Chapter 4.5Z

I am here. Quickly, Annie looked up from the journal.

Decades later, as a middle-aged woman with short sensible hair settling onto a couch after lighting the first fire in her new home, she would wonder why, as a teenaged girl on that wintry night she was named the Bark Bay High School fencing captain, she now believed she saw Joshua Hutchinson, her long-dead ancestor, standing in front of her, turned in profile and looking up at the antique map above the hearth.

(She had not mentioned this moment to anyone in those decades between the time it appeared to happen and the time she lit the fire in her new home, indeed she had not even thought about it herself, or to be more exact on those few times when that memory would resurface she had shoved it back down, imposed her will upon her consciousness and refused to think about what she thought was happening to her on this wintry night.) The sensible middle-aged woman would have therefore not confronted this odd memory for years, and now having reached a comfortable position in her life she would be willing, now that the fire she had just lit reminded her of the time she thought she saw Old Poppa Hutchinson that night she read his journal — she would finally be willing to consider just what it was she thought she was seeing.

I was most likely dreaming, the comfortable, sensible middle-aged woman would think. I had stayed up late, reading his journal, and probably nodded off. But then she would remember thinking that same thought on that wintry night, remember looking for quick confirmation, remember not finding it.

She could smell the smoke from the fire. She could look into the hearth, could see the log was burning much the same as it had when she had noticed it a few moments ago, then quickly down at the journal, could see the same words she had just been reading. Her legs could feel the hard wood of the chair on which she was sitting. A hum from her right — she could hear the refrigerator compressor in the kitchen. Smell sight touch hearing — she quickly licked her lips, could taste the remnants of the ice cream she had eaten earlier that evening.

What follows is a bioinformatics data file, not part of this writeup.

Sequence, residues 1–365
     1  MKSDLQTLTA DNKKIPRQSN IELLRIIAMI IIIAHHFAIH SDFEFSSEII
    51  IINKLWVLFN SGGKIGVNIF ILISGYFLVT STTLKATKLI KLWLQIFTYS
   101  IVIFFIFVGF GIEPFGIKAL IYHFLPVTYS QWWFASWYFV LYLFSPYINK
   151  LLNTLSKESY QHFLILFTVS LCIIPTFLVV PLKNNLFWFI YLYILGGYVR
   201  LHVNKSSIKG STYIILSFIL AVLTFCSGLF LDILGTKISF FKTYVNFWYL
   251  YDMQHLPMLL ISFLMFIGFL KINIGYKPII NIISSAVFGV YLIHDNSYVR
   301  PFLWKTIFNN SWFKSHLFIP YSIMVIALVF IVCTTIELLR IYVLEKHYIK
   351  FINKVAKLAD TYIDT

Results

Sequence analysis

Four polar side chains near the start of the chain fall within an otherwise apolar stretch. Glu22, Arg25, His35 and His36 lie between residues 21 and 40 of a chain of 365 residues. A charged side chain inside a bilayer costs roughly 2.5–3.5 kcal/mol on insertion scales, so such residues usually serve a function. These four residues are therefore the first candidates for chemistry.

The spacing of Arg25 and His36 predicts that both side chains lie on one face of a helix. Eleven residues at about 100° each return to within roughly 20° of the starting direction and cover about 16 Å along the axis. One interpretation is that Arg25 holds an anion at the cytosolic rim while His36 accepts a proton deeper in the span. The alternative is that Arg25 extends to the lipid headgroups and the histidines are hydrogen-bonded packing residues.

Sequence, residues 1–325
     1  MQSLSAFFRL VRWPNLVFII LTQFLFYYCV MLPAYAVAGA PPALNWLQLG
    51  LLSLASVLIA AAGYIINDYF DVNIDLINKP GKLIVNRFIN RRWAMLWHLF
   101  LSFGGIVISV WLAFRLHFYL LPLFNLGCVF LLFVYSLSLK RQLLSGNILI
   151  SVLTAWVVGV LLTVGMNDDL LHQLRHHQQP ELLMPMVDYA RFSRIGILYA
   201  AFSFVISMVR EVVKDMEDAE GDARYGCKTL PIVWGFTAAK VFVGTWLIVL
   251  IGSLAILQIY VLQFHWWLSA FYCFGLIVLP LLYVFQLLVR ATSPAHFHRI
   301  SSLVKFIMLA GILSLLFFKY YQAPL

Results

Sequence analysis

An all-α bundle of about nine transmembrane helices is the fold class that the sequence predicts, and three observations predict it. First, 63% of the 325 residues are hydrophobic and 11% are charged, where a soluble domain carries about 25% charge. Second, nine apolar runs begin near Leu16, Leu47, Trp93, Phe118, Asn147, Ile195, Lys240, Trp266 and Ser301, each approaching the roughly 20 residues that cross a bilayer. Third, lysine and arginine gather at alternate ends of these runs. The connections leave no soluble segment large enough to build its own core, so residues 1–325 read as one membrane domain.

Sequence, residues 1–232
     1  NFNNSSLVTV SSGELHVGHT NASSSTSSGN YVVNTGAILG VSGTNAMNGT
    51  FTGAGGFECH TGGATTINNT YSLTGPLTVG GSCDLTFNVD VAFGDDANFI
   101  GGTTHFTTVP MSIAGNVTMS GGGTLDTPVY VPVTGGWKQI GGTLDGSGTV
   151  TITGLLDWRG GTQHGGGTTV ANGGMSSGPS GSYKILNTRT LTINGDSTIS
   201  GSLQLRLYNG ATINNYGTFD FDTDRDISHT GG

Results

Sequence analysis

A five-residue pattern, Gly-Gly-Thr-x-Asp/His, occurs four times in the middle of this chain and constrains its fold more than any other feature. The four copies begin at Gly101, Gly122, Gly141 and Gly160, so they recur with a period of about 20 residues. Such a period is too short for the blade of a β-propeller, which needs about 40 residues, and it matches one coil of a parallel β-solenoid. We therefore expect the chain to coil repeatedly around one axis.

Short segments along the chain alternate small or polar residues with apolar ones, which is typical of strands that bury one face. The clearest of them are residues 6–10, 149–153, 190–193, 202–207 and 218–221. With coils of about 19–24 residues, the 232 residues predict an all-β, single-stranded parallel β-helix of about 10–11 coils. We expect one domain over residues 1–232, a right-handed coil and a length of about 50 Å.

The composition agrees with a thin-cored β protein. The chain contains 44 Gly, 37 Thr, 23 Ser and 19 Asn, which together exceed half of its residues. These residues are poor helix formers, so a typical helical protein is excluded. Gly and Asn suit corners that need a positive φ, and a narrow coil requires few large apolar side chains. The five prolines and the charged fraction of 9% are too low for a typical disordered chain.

Dreams can be vivid, the sensible middle-aged woman would think in her comfotable new home as the fire in front of her grew. And memory unreliable — I think I checked all my senses that evening, but that doesn’t mean I actually did. No, it had to have been a dream, or perhaps a delusion caused from exhaustion. That might explain the memory of the senses. Has to be something like that, she would think, because even though she would not think this decades later she would believe then, much as she believed now that Joshua Hutchinson seemed to appear in front of her, that only superstitious fools and crazy people believed in ghosts. And Annie Hutchinson was neither a fool nor insane, not now, and certainly not in the future.

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